ESSEN, GERMANY—Stephan Haas has probably given this spiel hundreds of times, but he still sparkles with enthusiasm and mischievous wit as he tells the tale of the notorious Krupp family, the German magnates who helped make this area the heart of German industry. Speaking English for the benefit of French and Finnish visitors, Haas describes how Friedrich Krupp caused a scandal by reportedly seducing boys in Italy and how his wife Margaret was committed to a “madhouse” when her complaints about her husband became inconvenient. He shows visitors around the imposing Krupp mansion, slyly critiquing the architecture, and explains the company town known as Margarethenhöhe, which houses Krupp managerial workers.
Krupp’s company, now the multinational ThyssenKrupp, is still based in Essen in the Ruhr region in northwestern Germany, where the smokestacks of steel mills, coal-fired power plants and factories still rise above the otherwise lush green fields and hills. But over the past decades, much of the steel and coal industries once located here have closed up, along with the underground coal mines that in the 1950s employed 470,000 and now employ only about 30,000. Of more than 200 underground mines that once supplied 125 million tons of coal a year, only a handful remain open and they are all scheduled for closure by 2018. Because of the offshoring of industry and the import of cheaper coal from Colombia, Poland and South Africa, the Ruhr region now has among the country’s highest levels of unemployment and economic distress. (Though it is still noticeably more prosperous than much of western Europe and the United States; Germany has weathered the economic crisis better than most.)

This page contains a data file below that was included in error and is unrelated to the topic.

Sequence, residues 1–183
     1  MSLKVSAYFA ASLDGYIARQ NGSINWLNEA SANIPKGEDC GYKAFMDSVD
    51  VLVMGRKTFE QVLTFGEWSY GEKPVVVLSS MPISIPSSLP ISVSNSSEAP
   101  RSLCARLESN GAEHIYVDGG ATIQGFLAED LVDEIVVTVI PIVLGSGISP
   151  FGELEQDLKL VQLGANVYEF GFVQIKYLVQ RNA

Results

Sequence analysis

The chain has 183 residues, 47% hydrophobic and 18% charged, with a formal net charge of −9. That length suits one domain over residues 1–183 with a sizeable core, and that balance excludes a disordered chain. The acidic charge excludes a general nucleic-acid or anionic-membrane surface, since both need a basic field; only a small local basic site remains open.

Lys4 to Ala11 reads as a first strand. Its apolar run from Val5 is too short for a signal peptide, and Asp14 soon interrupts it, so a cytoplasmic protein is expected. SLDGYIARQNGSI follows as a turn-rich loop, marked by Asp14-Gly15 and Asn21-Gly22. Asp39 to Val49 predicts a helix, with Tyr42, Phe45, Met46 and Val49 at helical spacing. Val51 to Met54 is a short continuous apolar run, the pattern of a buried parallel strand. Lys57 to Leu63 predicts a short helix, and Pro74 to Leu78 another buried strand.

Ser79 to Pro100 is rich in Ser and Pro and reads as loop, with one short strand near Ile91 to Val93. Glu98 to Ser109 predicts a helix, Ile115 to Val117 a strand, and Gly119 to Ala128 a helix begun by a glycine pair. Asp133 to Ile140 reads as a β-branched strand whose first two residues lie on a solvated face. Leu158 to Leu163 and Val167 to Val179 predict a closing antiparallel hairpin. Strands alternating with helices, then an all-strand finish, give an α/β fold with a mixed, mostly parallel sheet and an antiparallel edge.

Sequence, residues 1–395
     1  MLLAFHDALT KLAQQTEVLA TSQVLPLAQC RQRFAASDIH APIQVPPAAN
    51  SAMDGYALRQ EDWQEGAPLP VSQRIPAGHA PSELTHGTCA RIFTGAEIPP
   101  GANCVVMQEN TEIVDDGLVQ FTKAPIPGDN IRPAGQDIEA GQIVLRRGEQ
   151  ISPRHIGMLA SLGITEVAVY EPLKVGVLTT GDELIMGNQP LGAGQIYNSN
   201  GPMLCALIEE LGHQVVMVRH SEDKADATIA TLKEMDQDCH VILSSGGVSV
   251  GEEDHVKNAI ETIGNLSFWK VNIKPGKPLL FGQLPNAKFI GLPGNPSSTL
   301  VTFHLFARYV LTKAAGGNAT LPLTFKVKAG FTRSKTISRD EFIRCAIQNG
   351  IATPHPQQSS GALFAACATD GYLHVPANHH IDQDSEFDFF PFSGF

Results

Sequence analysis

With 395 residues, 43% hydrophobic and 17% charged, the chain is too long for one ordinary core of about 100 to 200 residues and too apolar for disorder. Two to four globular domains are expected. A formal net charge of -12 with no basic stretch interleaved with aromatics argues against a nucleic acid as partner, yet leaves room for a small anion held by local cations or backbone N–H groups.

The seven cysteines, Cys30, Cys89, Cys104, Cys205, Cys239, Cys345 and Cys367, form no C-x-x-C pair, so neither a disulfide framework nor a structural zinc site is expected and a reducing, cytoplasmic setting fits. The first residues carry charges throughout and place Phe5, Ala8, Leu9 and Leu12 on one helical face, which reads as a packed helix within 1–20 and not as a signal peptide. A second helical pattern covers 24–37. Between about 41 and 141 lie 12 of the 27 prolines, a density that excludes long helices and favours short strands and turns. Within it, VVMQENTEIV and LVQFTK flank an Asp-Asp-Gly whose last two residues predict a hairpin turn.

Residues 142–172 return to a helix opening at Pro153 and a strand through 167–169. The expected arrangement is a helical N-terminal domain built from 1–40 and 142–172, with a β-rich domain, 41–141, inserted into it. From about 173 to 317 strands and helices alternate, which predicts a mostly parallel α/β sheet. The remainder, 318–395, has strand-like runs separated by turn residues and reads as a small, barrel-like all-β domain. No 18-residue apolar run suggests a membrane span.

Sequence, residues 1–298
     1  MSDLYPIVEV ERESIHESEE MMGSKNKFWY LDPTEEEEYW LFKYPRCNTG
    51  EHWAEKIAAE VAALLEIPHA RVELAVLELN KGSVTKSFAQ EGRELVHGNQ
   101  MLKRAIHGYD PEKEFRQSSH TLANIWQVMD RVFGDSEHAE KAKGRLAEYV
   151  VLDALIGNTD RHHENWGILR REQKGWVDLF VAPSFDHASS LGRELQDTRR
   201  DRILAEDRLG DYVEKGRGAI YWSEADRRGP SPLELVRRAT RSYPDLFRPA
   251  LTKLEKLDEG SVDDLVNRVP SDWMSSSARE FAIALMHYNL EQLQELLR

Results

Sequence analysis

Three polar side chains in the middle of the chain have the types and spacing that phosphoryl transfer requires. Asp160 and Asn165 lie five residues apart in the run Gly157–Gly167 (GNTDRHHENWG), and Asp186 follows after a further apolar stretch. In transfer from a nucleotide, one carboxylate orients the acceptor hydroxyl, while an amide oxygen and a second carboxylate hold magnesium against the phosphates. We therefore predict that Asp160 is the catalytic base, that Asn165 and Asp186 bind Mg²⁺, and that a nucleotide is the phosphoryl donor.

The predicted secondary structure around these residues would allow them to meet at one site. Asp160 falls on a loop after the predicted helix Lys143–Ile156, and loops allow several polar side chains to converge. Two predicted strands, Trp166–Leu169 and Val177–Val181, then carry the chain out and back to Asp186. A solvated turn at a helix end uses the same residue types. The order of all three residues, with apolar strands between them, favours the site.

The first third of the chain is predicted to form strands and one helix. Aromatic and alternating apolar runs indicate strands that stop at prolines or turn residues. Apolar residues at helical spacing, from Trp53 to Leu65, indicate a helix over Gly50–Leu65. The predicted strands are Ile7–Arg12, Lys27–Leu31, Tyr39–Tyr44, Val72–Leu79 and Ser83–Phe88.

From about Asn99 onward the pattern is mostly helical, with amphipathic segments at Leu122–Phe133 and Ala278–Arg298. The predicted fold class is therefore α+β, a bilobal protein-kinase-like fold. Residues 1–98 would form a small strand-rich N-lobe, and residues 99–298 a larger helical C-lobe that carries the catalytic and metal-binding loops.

“It used to be that miners were the underground kings, everyone respected them, this whole region was built by coal,” says Haas. “But now if you say you are a miner, you wouldn’t get the same response you used to. The memory is fading, and the miners are disappearing like dinosaurs.”
(A significant mining industry still remains southwest of the Ruhr region around the town of Duren, near Cologne, but that is the strip-mining of soft, dirty “brown coal” burned in nearby power plants run by the company RWE. Activists and local legislators who oppose the industry note that it employs relatively few people, because the massive strip mines are largely automated, and causes huge amounts of pollution that endanger public health and contribute to climate change.)